Straight off the bat I would make something clear:  I have a lot of respect for software and web developers.  Being able to write clean, intelligent and efficient code is certainly one of the more difficult aspects within this industry. With this in mind, I think that anyone who is able to write a consistently high level of code based on often sketchy requirements and delivering this within the usual time pressures of business should be awarded some kind of medal. That said, I can say with some confidence that we have the pleasure of working with some of the very best software and web developers both locally here in Australia as well as abroad. Further to this, I can also add quite unreservedly that software developers really don’t make…

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Monitor your servers like it’s 1996

By | Technical | No Comments

Whilst I’m a fan of using percentages for my disk space checks, sometimes an explicit size is more appropriate. So, you’d expect the following to work nicely: $USER1$/check_disk -w 5G -c 1G -p /data/foo If you don’t actually test that this works (by artificially filling your disk and seeing what happens), you may be dismayed to find that you only get alerted when the disk has 5MB of free disk space. Why is this? Because Nagios, despite the fact that nobody has sweated the megabytes for about a gazillion years, doesn’t support ‘G’ as a suffix for thresholds. Oh, it’ll make a good show of pretending — after all, the output formatting options have ‘GB’ as an option — but nope, for your thresholds it’s “5000M” all the way. ROCK…

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I always knew webmin was arse, but this…

By | Technical | No Comments

This is the output of iptables -L on a webmin-managed box I just saw: Chain INPUT (policy ACCEPT) target prot opt source destination ACCEPT all — anywhere anywhere ACCEPT all — anywhere anywhere ACCEPT tcp — anywhere anywhere tcp flags:ACK/ACK ACCEPT all — anywhere anywhere state ESTABLISHED ACCEPT all — anywhere anywhere state RELATED ACCEPT udp — anywhere anywhere udp spt:domain dpts:1024:65535 ACCEPT icmp — anywhere anywhere icmp any ACCEPT tcp — anywhere anywhere tcp dpt:ftp ACCEPT tcp — anywhere anywhere tcp dpt:ssh ACCEPT tcp — anywhere anywhere tcp dpt:smtp ACCEPT tcp — anywhere anywhere tcp dpt:domain ACCEPT udp — anywhere anywhere udp dpt:domain ACCEPT tcp — anywhere anywhere tcp dpt:http ACCEPT tcp — anywhere anywhere tcp dpt:pop3 ACCEPT tcp — anywhere anywhere tcp dpt:imap ACCEPT udp — anywhere anywhere…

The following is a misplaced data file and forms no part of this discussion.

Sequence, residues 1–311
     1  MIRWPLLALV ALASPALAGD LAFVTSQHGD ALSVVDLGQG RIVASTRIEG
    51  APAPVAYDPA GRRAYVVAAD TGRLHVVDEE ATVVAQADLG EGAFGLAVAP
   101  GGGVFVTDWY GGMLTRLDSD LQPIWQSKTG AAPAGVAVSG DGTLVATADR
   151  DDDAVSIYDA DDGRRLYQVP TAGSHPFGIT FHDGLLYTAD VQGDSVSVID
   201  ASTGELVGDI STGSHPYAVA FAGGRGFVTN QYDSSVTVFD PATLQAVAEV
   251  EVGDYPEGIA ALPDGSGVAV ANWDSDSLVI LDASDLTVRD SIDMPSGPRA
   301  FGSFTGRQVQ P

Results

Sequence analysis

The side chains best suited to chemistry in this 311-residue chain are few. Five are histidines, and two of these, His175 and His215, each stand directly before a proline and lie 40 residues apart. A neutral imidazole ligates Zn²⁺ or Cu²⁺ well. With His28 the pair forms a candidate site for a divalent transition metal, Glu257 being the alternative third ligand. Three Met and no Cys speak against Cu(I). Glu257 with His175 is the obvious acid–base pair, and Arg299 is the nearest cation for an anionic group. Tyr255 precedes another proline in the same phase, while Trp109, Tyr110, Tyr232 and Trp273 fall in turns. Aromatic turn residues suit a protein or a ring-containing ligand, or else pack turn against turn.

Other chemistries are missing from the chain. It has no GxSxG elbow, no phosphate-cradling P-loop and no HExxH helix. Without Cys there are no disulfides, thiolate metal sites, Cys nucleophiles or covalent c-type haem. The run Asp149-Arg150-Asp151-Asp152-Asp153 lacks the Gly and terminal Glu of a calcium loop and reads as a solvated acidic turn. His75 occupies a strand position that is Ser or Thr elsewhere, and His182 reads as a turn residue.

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When HA won’t play the way you want it to

By | Technical | No Comments

In an ideal world every service would support High Availability and Load Balancing, would scale up easily and cleanly and all of us systems administrators would be paid bucketloads to play golf all day while the computers did all the hard work. To quote Dylan Moran of Black Books fame, “Don’t make me laugh…bitterly”. I’ll cut to the chase – sometimes you have to really shoehorn technologies to do what you want. Fortunately I love doing this, and the technologies of today’s article are virtualised Windows 2008 on Xen, and Oracle XE 10g. Neither likes to play ball, for a few reasons: Generally speaking, when you virtualise an OS you want to have para-virtualisation drivers enhancing the hardware support. Open Source Xen has PV drivers, but they are not signed…